Sometimes, doing right by the client means doing more than what’s asked. It means striking an ITSM balance. This is especially true when a client decides that the failure of their service management initiative is due to the incumbent technology and the client asks, “Can’t we just “jump right in” and start configuring the new ITSM tool?”
Without question, this is a consultant’s dream situation as it is much easier, and quicker, to simply swap ITSM tools. The fact that there are hundreds of Silver, Gold, Copper certified ITSM implementation firms, ready to change your tool every three, five, six, or seven years depending on which way the wind is blowing validates the readiness for this type of engagement. But moving forward with an ITSM balance is essential.
There are certainly situations in which a sudden investment in an alternative tool makes sense. However, it is essential that the trusted ITIL expert bring balance and objectivity to the table when a replacement tool is being considered. Sometimes, it is best to take a step back and evaluate the underlying processes before proceeding. In addition, a good ITSM implementation specialist will review your process and procedures and make recommendations prior to a tool implementation.
I thought it would be interesting to share the 5 top reasons a client might want us to “jump right in” and the balance and objectivity that we strive to bring to each engagement.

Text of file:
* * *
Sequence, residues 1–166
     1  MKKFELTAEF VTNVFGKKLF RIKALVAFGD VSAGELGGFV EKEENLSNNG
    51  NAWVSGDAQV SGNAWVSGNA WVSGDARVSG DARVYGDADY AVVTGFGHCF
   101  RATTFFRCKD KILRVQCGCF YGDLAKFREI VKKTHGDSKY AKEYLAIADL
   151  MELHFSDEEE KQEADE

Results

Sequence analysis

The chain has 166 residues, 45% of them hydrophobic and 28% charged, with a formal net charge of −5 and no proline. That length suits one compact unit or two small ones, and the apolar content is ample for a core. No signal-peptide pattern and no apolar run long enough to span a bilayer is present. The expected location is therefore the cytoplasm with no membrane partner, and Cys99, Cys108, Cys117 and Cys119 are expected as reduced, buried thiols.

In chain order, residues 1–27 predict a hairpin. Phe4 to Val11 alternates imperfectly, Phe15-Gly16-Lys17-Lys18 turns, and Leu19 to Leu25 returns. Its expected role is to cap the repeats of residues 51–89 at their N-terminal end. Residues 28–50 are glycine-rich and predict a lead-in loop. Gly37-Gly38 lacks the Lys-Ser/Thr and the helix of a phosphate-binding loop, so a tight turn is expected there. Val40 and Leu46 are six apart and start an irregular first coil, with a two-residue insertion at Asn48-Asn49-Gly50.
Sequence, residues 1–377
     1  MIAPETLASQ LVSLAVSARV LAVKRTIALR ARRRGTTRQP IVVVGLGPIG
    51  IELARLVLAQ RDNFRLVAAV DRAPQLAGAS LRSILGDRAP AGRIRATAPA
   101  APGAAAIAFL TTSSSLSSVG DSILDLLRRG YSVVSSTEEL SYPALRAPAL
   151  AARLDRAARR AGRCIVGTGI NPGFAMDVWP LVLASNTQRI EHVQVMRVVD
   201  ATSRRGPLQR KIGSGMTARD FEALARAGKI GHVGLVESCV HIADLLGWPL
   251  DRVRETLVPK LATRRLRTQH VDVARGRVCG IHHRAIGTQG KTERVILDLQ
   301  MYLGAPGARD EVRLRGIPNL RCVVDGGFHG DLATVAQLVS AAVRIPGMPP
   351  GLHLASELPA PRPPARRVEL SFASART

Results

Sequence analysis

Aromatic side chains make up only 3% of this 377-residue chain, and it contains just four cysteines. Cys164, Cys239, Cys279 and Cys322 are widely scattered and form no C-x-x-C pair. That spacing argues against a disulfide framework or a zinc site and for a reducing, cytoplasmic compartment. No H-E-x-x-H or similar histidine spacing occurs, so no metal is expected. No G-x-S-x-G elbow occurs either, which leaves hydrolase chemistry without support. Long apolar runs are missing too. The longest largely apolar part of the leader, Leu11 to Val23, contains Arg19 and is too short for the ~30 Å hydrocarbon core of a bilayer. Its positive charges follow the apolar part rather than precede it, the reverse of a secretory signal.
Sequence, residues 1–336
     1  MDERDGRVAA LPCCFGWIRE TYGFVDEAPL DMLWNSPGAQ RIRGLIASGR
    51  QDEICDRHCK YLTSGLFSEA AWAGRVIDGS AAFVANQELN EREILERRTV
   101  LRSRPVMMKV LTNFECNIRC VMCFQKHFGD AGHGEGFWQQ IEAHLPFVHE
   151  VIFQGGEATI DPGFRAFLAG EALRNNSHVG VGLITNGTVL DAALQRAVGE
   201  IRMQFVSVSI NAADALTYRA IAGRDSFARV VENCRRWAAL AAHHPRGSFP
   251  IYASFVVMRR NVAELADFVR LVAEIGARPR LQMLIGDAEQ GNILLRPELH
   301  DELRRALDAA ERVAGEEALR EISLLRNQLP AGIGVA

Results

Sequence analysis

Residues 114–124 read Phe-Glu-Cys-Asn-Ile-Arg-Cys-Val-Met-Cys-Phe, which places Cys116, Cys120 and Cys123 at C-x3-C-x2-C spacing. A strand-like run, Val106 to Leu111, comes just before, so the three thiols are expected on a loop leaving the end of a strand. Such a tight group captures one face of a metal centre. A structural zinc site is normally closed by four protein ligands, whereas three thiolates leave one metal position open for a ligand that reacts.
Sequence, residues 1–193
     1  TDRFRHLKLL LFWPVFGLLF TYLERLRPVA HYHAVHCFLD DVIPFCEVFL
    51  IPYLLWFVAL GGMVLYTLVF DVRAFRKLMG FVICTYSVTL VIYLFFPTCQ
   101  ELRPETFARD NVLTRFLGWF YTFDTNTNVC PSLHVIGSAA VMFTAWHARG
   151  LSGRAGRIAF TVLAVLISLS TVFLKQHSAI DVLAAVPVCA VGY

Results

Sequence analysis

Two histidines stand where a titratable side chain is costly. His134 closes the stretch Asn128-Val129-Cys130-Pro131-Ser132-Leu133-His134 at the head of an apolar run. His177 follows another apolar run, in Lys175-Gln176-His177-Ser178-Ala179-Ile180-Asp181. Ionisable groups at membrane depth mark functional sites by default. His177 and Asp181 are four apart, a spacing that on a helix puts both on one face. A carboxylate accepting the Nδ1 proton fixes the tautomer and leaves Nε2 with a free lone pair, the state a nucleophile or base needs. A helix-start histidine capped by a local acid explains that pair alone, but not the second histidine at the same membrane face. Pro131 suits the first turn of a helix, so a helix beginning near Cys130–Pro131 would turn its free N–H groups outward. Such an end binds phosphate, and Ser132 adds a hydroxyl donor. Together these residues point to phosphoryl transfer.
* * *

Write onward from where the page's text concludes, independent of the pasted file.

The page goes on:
Top 5 Reasons to Jump Right In
1. “Just look at the help desk”
The help desk is usually a good place to start but that’s just one piece of the puzzle. What about the upstream and downstream service providers that need to support the help desk to deliver support to their customers? (Level 3 support for example or any other team entirely if the resolution of the issue lies outside of the purview of the help desk.). How are those teams organized? Do they follow the same processes? Are they using the same ITSM tool? Are there OLA’s in place? Are they being met? Are they being tracked? Are issues sent “outside” of the help desk tracked in the same way? (Are they tracked at all?) If there are other geographical, application, technology, or business unit help desks, are they all following the same processes? Are they providing the same level of service to their customers or does service differ based on which help desk or support team a customer might call? Think ITSM balance across the organization.
2. “Our other processes are good, so let’s not worry about any of that now”
If that were indeed the case, that would be amazing, but in most organizations, there are processes that are further developed & others that are less developed (more mature/less mature). In fact, after Incident Management and Change Management, Release & Deployment are the next most problematic processes for many organizations. Ironically, from an ITIL process maturity perspective, we often find that the help desk is often further along than some of the other teams because they’ve been leveraging “ticketing systems” longer than other teams & have already internalized the accompanying operational disciplines. From the perspective of laying out the design of the Service Management project, deciding which processes you launch and in which order, absolutely influences project design decisions. (Ex. Do you include Event as you’re doing Incident or is Event in good shape? Is the organization ready for Demand Management and Business Relationship Management or should that be deferred? Should the focus be on automation or on the basic processes?